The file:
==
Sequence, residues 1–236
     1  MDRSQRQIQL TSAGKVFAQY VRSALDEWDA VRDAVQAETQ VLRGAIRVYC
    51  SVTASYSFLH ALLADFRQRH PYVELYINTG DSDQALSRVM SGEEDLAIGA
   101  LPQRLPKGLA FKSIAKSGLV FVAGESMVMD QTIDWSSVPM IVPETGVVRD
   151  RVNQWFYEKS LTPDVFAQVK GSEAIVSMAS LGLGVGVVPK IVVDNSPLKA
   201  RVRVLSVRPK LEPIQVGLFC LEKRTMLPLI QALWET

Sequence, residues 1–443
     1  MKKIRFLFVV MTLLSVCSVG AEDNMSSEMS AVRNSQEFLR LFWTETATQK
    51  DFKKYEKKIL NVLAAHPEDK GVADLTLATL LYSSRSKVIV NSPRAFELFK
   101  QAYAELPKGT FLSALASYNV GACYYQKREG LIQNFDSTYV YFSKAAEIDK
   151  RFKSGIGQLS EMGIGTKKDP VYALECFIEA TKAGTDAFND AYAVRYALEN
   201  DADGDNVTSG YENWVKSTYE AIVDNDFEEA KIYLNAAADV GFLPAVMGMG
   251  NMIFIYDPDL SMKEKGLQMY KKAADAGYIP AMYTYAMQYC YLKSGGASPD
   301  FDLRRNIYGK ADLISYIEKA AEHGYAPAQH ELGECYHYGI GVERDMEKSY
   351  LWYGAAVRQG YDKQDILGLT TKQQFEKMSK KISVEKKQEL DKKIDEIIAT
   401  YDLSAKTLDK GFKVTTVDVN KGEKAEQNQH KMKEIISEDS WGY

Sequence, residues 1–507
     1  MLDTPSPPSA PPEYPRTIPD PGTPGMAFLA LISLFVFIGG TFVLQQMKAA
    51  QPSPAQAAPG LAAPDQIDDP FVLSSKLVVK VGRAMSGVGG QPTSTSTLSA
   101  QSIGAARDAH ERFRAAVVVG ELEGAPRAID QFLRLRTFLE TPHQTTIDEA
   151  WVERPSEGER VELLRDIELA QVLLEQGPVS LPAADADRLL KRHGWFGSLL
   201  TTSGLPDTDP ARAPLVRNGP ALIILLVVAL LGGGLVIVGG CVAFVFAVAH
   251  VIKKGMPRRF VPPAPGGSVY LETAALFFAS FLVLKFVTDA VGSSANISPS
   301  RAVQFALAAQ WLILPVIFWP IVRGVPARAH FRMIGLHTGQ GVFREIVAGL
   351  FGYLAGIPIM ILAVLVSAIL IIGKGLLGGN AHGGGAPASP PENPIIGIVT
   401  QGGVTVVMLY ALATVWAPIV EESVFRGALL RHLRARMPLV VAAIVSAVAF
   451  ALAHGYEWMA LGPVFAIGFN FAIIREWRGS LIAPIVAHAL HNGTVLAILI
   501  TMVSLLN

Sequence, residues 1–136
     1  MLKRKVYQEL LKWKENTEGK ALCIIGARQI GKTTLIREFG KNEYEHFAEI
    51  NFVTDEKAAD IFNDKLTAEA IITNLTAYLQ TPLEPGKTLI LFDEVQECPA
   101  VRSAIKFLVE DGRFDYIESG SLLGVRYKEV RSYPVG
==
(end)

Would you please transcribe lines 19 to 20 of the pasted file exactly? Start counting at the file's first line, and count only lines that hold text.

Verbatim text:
    51  QPSPAQAAPG LAAPDQIDDP FVLSSKLVVK VGRAMSGVGG QPTSTSTLSA
   101  QSIGAARDAH ERFRAAVVVG ELEGAPRAID QFLRLRTFLE TPHQTTIDEA